Today is Remembrance Day;
the 11th day of the 11th month.
In many ways it’s a more solemn occasion then that other day in April when we remember those who didn’t return from war.
In the last few years Anzac Day has almost become a circus. Each media outlet seeming to outdo the other with hyperbole and jingoism and gawkish sentiment.
Give me the the quiet reflection of Remembrance Day where, if you listen you can hear what the dead have to say.
In the the jostle of crowded Dawn services or the clamor of noisy parades their voices are drowned out.

keating

We visited the Australian War memorial only a few months ago and you can’t help but be moved by the dignity of the place – it’s hallowed ground.
You walk in past the two stone lions from Yipres that guard the entrance. From there you can choose to walk between the Pools of Reflection flanking the Courtyard or climb the stairs to the Two long Cloisters that frame the Roll of Honor. At the end is the Hall of Memory and within, the Tomb of the Unknown Soldier. It is here at the entrance that you will find the transcript of the speech that Paul Keating delivered back in 1993, the Eulogy to an Unknown Soldier .

Paul Keating was in my opinion a titan of his party, which in turn is my party; the Australian Labor Party. I consider him one of our greatest PM’s (though the unwashed masses will never acknowledge that). He was a complicated man. Not the populist that philandering buffoon Bob Hawke was. A man full of contradictions, a leader that people found it difficult to warm too. He was an unabashed intellectual that loved “those beautiful straight lines of logic”. A swaggering bar room debater that would take on all comers in Parliament yet also a sensitive speaker with an abiding appreciation of the delicacy and the power of the spoken word. His more famous Redfern Speech probably better illustrates the strength of his oratory but this Eulogy is equally moving:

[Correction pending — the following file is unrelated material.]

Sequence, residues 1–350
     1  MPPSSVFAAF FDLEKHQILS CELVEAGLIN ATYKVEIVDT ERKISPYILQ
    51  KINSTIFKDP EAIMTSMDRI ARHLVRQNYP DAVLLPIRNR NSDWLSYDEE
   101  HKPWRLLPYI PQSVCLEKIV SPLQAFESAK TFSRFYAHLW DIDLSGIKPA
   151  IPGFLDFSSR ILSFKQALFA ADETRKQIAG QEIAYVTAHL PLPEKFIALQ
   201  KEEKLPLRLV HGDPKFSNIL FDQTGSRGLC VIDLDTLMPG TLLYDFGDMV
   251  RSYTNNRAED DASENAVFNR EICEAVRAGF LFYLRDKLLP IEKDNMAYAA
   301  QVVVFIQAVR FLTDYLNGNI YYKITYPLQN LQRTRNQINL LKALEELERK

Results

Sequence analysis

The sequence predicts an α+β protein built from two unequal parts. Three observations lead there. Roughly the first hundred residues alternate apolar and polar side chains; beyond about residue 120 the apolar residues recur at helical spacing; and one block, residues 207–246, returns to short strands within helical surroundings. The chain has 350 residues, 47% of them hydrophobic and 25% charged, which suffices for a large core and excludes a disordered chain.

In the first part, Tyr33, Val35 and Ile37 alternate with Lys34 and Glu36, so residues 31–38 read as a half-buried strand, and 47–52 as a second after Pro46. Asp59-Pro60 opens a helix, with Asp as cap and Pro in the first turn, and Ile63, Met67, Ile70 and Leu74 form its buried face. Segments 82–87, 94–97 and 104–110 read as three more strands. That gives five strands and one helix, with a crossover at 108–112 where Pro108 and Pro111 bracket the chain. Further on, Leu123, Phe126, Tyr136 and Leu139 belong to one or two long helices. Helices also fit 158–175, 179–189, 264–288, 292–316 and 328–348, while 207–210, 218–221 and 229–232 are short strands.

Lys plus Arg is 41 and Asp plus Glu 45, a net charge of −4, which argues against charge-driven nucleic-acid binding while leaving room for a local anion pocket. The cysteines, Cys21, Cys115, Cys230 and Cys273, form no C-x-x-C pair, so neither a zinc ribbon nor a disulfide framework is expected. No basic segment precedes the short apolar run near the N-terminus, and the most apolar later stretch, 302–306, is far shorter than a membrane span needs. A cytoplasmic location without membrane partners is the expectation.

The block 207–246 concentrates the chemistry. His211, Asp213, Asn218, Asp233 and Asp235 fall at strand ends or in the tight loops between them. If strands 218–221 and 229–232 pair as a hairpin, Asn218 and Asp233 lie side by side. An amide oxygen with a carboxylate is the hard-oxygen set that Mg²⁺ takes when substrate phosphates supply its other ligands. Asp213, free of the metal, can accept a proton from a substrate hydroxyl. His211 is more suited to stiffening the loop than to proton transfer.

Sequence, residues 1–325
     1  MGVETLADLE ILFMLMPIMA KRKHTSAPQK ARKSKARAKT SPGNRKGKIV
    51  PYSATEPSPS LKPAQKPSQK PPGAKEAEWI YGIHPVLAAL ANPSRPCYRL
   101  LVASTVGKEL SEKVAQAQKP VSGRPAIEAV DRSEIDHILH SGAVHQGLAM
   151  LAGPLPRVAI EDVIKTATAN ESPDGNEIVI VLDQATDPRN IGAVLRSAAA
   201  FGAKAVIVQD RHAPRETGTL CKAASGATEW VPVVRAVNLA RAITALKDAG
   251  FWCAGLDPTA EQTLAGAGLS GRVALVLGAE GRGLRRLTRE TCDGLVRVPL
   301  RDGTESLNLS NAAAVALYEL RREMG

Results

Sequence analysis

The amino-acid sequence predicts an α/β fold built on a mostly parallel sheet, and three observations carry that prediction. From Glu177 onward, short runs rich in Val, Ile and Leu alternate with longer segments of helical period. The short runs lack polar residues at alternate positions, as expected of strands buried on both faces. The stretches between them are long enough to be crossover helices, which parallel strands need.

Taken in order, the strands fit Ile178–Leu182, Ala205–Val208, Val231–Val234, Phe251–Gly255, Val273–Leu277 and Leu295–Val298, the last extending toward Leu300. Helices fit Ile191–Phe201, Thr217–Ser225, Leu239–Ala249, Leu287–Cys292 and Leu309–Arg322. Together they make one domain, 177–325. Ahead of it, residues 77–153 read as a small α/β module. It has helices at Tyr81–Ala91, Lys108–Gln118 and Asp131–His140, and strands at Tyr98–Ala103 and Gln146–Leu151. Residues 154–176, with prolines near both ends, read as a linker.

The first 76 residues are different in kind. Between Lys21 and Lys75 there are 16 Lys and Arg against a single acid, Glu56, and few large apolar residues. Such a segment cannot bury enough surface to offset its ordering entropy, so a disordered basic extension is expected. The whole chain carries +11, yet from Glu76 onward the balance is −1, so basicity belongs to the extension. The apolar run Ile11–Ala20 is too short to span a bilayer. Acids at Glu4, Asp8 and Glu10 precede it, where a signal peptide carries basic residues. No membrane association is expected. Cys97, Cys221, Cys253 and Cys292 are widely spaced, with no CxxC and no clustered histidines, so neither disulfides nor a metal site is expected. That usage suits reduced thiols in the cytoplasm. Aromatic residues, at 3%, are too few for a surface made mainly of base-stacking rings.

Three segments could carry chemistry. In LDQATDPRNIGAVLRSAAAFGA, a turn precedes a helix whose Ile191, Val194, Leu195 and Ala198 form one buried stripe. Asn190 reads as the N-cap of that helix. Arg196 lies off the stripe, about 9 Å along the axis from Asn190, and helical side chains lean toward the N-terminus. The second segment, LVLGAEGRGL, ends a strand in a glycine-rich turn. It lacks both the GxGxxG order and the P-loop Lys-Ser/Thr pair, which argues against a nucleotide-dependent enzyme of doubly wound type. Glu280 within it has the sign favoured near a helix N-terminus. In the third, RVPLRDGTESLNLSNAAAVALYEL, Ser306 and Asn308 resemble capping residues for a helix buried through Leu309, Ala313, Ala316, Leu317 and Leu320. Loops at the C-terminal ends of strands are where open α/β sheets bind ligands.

“We do not know this Australian’s name and we never will .
We do not know his rank or his battalion. We do not know where he was born, or precisely how and when he died. We do not know where in Australia he had made his home or when he left it for the battlefields of Europe. We do not know his age or his circumstances – whether he was from the city or the bush; what occupation he left to become a soldier; what religion, if he had a religion; if he was married or single. We do not know who loved him or whom he loved. If he had children we do not know who they are. His family is lost to us as he was lost to them. We will never know who this Australian was.
Yet he has always been among those we’ve honoured. We do know that he was one of the 45,000 Australians who died on the Western Front; one of the 416,000 Australians who volunteered for service in the First World War; one of the 324,000 Australians who served overseas in that war and one of the 60,000 Australians who died on foreign soil; one of the 100,000 Australians who have died in wars this century. He is all of them. And he is one of us.
This Australia and the Australia he knew are like foreign countries. The tide of events since he died has been so dramatic, so vast and all-consuming, a world has been created beyond the reach of his imagination.